How to Corroborate a Mutual Fund Rating

Mutual fund rating companies use a variety of statistical analysis tools in order to determine the value of a fund. These ratings are available online or through the majority of investment advisers. Ratings are compiled by groups like Morningstar, Fidelity or T. Rowe Price. Some of these organizations, though, also sell the mutual funds. This can cause some conflict of interest when it comes to rating the funds. Many investors will look to corroborate a mutual fund rating in order to determine if the rating is accurate or simply a sales pitch.

Seek Multiple Sources of Ratings

Perhaps the easiest way to corroborate ratings is to look at ratings from more than one institution. The more companies that review a fund similarly, the less likelihood there is that one of the companies is acting out of personal interest. When you find there is an outlier in the ratings, look closely to determine whether that outlier, high or low, comes from a ratings institution with a personal interest in the fund. This can be hard to find since most ratings institutions will do their best to hide any personal interest. One strategy is to ask the company whether they can assist you in purchasing shares of the mutual fund. If the adviser responds that they sell shares in the fund often, then you will know there may be some personal interest conflicting with an unbiased ratings system.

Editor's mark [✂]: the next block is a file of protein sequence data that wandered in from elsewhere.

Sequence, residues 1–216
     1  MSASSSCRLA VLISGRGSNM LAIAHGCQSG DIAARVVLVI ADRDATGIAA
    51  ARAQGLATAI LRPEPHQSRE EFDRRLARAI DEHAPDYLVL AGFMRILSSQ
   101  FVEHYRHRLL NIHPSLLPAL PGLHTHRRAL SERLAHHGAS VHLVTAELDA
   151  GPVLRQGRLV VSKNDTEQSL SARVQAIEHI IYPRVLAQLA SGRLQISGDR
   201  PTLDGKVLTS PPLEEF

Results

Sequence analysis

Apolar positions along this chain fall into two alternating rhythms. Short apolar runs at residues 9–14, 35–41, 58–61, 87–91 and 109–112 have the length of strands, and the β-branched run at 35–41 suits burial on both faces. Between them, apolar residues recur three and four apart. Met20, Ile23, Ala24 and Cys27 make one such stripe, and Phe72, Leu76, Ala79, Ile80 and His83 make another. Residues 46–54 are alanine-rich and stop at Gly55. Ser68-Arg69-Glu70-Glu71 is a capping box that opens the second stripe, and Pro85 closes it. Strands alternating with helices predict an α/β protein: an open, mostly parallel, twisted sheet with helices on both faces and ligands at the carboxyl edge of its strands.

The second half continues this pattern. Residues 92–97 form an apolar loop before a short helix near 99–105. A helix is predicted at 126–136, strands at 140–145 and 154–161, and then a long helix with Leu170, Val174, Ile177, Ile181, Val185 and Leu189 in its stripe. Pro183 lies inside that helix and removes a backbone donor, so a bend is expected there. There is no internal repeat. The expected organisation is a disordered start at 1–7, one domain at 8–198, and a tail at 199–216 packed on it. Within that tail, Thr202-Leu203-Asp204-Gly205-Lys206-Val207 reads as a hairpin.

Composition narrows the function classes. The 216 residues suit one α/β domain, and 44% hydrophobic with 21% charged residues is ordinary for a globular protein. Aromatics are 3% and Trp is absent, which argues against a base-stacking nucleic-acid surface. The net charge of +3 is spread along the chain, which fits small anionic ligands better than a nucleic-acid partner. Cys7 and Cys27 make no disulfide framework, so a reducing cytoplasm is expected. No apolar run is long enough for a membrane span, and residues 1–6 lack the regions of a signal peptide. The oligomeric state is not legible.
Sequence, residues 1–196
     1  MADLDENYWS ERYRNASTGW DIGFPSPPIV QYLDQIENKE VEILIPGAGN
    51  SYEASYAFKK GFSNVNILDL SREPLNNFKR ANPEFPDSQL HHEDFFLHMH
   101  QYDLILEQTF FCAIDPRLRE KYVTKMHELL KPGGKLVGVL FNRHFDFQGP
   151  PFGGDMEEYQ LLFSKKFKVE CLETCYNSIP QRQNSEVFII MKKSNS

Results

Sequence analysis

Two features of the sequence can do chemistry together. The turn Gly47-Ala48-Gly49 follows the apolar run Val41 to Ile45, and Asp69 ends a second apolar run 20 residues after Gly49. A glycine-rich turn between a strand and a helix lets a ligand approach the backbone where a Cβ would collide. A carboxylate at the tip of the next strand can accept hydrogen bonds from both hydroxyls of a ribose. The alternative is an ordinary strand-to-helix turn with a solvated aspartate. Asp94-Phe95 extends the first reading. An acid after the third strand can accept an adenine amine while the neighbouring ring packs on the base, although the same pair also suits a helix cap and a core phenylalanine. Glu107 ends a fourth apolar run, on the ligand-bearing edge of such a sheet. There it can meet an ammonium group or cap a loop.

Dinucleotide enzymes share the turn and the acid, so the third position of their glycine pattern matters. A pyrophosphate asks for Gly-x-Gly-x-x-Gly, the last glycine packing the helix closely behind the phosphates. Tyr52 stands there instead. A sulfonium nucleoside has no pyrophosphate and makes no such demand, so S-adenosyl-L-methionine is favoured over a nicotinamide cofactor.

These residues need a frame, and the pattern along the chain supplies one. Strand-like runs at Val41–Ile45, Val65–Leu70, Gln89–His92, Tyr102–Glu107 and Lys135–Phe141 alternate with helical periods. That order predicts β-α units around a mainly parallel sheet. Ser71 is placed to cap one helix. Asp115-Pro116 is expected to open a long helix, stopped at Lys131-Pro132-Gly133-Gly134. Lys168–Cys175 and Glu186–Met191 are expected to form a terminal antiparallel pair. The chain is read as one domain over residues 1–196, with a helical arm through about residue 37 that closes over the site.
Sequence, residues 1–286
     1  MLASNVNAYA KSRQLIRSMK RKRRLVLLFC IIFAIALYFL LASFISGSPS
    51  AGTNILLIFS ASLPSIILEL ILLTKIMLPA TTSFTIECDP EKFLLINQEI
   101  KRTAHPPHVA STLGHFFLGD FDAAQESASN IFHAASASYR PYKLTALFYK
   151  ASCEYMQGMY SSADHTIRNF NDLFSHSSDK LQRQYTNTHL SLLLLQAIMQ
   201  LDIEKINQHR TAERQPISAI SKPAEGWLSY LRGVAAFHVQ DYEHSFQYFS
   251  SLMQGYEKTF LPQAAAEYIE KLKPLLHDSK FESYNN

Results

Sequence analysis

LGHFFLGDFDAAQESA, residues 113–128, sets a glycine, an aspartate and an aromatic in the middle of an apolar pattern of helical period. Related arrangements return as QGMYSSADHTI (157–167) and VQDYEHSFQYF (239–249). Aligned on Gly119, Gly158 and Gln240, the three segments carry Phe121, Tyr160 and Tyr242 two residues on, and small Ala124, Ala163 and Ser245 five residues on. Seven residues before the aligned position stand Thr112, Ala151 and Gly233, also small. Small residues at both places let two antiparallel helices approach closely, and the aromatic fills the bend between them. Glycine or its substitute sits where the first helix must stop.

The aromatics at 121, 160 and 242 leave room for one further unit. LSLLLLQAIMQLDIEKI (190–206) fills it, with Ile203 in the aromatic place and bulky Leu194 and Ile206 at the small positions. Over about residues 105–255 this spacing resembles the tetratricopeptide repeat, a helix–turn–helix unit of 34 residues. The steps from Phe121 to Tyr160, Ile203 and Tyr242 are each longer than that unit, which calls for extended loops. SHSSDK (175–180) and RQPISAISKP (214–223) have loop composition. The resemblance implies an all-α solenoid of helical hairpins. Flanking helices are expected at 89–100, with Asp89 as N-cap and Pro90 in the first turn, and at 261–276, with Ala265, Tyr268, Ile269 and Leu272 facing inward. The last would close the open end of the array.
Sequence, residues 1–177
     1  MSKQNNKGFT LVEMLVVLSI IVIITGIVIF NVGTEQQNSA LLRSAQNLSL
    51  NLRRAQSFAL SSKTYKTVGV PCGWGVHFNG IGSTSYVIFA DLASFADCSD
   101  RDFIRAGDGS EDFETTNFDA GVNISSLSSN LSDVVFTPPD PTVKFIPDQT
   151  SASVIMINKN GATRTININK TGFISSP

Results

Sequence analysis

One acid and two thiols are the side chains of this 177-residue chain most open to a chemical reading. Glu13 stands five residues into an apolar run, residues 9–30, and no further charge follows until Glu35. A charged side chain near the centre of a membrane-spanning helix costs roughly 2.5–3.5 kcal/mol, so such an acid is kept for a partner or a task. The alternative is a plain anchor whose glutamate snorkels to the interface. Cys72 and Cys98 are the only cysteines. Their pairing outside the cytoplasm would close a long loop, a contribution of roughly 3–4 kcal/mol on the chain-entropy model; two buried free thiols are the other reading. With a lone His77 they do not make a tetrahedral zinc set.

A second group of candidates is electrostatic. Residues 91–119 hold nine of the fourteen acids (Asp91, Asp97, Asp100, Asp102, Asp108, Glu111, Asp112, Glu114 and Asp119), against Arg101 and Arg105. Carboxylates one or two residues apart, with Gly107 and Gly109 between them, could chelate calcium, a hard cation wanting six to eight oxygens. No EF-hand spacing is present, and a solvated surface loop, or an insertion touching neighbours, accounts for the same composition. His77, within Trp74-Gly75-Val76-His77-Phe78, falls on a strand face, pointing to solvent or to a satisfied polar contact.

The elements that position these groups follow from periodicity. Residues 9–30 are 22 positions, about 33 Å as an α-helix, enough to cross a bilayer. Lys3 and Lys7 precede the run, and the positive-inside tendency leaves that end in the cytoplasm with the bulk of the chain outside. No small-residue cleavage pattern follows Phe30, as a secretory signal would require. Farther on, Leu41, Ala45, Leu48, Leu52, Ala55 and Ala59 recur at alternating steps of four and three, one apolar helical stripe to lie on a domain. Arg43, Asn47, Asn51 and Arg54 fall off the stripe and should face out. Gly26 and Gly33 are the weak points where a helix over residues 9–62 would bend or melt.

Review Statistics

Behind every rating, there has to be evidence to support the decision. If the ratings institution is willing to show this evidence, then review their reasons behind the rating. For example, some institutions will even show the formulas they use to determine whether a stock is trading above, or below market value. They will tell you the analysis is based on standard deviation, volatility, constant growth or other factors. When you know these figures are being used, you can be better assured the analysis has mathematical and fiscal reasoning supporting it. It may be useful to familiarize yourself with these terms even if you are not looking to actually perform the calculations yourself.

Watch Ratings Over Time

If you are in no rush to purchase shares in a fund, you have the luxury of watching how the ratings of a fund change over time. You may see one rating institution consistently list a particular fund much higher than the other ratings institutions. This can indicate conflicting motives. The more consistent a fund's rating over time, the more likely the rating carries merit on the market. If a fund's rating constantly jumps around, it may be a new fund or a highly volatile fund, both of which can be warning signs. Ratings changes are not always a bad thing. If you note that the ratings for a fund are generally consistent then suddenly change, this can be an indicator the fund's manager has made some positive or negative choices, depending on which way the ratings shift. 

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